These articles are written to apply to the northeastern corner of Illinois. Problems and timing may not apply outside of this area.
Annual Fall Color Show About to Begin
September 20, 2001
Many people consider fall to be their favorite time of year. Certainly
trees turning brilliant colors is a highlight of the season. While often
associated with frost, how this color change actually occurs is often
During the season, leaves on trees are green because of the chlorophyll
inside them. Other color pigments are actually present, but are hidden
by the abundant chlorophyll. As the season winds down and days get shorter,
chlorophyll production in leaves slows down as trees and shrubs prepare
Once chlorophyll breaks down in the leaf, other color pigments in the
leaf become visible. For example, carotene and xanthophyll pigments give
leaves orange and yellow colors. Red color is due to production of anthocyanins,
which is favored by warm, sunny days and cool nights in fall. Eventually
the leaves will dry up and drop from trees as a wall-like layer is formed
where the leaf stalk (petiole) joins the twig.
Sunny days, and cool nights generally means good color. Frost can actually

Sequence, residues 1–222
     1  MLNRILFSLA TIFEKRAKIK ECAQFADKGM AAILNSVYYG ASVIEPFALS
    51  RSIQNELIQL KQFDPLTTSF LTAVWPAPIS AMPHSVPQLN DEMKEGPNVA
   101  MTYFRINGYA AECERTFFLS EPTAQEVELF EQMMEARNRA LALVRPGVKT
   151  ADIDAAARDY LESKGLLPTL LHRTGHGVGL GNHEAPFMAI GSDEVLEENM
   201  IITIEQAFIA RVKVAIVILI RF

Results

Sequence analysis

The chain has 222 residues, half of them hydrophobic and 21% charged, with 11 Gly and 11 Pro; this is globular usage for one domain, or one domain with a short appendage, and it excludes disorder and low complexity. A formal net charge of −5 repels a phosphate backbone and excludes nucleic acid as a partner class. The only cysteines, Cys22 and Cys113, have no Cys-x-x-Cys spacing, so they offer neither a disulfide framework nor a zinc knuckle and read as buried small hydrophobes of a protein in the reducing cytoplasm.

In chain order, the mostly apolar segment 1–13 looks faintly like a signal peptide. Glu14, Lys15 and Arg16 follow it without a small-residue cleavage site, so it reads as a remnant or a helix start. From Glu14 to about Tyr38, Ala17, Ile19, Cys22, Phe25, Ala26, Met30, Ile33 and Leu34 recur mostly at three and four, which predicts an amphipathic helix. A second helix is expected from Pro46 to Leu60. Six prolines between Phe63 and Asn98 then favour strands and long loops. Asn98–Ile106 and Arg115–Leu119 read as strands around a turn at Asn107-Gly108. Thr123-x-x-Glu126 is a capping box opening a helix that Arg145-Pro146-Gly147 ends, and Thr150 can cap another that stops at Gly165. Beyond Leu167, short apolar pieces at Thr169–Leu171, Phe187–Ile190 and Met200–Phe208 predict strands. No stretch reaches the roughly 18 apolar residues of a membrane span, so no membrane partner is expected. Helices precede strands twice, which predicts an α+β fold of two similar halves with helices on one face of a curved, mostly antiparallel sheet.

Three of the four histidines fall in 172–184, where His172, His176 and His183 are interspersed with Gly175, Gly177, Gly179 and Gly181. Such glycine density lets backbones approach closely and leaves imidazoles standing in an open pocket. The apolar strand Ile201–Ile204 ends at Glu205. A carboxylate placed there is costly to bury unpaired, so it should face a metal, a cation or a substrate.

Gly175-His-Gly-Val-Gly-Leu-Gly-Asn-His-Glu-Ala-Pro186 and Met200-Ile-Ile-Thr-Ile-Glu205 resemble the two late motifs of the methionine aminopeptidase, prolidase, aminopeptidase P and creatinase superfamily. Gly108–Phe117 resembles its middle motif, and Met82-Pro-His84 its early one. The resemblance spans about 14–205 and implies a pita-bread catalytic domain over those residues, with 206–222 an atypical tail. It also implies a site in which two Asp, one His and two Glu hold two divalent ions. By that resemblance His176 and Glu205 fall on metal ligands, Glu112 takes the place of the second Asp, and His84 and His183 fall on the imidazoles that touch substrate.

be detrimental to the process by causing early drop with poor color. Some
trees under stress have been turning color since August because they have
slowed in the production of chlorophyll.
Pines and other evergreens may also show color change in fall, as needles
do not stay on the evergreens forever. All the inner, older needles may
turn brilliant yellow or brown at once, and then drop. Green growth will
remain on the ends of branches.
Keep in mind the older needles should be affected only, and there is
usually an abrupt break between the yellow or brown needles and the newer,
green growth as you advance outward on the branch. This is a normal function
of the plant.
Get out and enjoy the upcoming fall colors, as before you know it trees will be bare and the cold and snows of winter will be back!